How to Use Alternate Templates in Shopify Theme Development

shopify alternate templates

If you’re new to Shopify theme development, your first impression might be that every collection, page, blog post, and product page is controlled by a single template. Luckily this isn’t the case and there are, in fact, a number of ways you can apply different, or ‘alternate’, templates to these various page types.

With the introduction of sections to Shopify themes, creating alternative templates has become slightly more involved. Since most of a page’s content can be contained within a section file, we’ll need to create alternate sections and templates.

This Shopify tutorial will run you through the basics of creating your first alternate template, so you can start customizing your clients’ themes even further. I will also demonstrate how you can set up conditional Liquid logic to avoid using alternative templates and keep your themes nice and lean.

You might also like: How to Craft the Best 404 Pages for your Clients.

Creating an alternate template

If you’re using Slate, you can create a alternative template straight from your local text-editor when you run the slate watch command. Changes will be pushed to your theme when you save. Otherwise, you could use the Template Editor to make these changes from the admin.

First, we’ll need to open our theme’s templates folder and find the template we would like to edit. For example, if I have a range of shoes that I would like to add a custom message to, I would be creating an alternative for product.liquid.

Once we’ve identified which template we’re going to edit, we’ll need to copy all the code in this file. Depending on the theme you’re editing, you might notice that there’s very little code.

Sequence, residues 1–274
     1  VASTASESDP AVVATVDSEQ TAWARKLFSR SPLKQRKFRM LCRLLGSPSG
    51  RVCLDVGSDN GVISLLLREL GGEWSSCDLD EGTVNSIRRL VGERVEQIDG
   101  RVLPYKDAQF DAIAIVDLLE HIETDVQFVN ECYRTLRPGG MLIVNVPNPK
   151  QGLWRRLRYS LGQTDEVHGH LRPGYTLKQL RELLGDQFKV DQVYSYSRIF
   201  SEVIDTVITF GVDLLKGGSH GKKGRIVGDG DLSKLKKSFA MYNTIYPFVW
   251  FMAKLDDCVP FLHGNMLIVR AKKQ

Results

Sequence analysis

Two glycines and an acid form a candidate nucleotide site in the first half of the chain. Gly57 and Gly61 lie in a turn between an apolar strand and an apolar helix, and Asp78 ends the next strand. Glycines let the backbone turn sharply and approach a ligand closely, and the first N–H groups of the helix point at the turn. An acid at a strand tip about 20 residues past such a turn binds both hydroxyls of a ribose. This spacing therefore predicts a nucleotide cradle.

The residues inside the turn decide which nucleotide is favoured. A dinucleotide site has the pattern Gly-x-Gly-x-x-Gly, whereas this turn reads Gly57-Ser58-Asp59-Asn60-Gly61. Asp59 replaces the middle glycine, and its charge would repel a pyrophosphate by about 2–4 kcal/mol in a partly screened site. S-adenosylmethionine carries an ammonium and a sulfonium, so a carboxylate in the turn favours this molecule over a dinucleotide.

For example, the Slate scaffold theme has only one line: {% section 'product' %}. This is because most of the code that makes up the product page is stored in a section file, rather than a template file.

After we’ve copied this code, we can create a new file in our template folder using the following filename syntax: default_template_name.*.liquid. For example, an alternate product template could be called:

Now we can paste the code from your existing product.liquid template into your new file.

Currently this new template file contains a theme tag, eg: {% section 'product' %}, which loads the default product content. Since we want to load different content, we’ll need to change this theme tag and create a new corresponding section. For example, I would change {% section 'product' %} to {% section shoes-product %}.

Next, we’ll locate the product.liquid file within our sections folder, and copy all the code from this file. In this file we’ll find a lot more of the expected markdown for a product page, such as the product description object and add to cart button.

Within our sections folder, we’ll create a new file with the name we assigned on the alternative template file—for example: shoes-product.liquid—and paste the code from the original section into this new section.

Now we can make any changes which should apply to this particular set of products. For example, if there’s a specific line of text that should only be seen on shoes in the store, I could add this directly below the product description. This could look like:

Another practical application for an alternative template could be to hide the add to cart button, if your client has a set of products that are not for sale or only available for pre-order. Creating a ‘coming soon’ product template will allow your clients to showcase upcoming stock and measure interest for new products.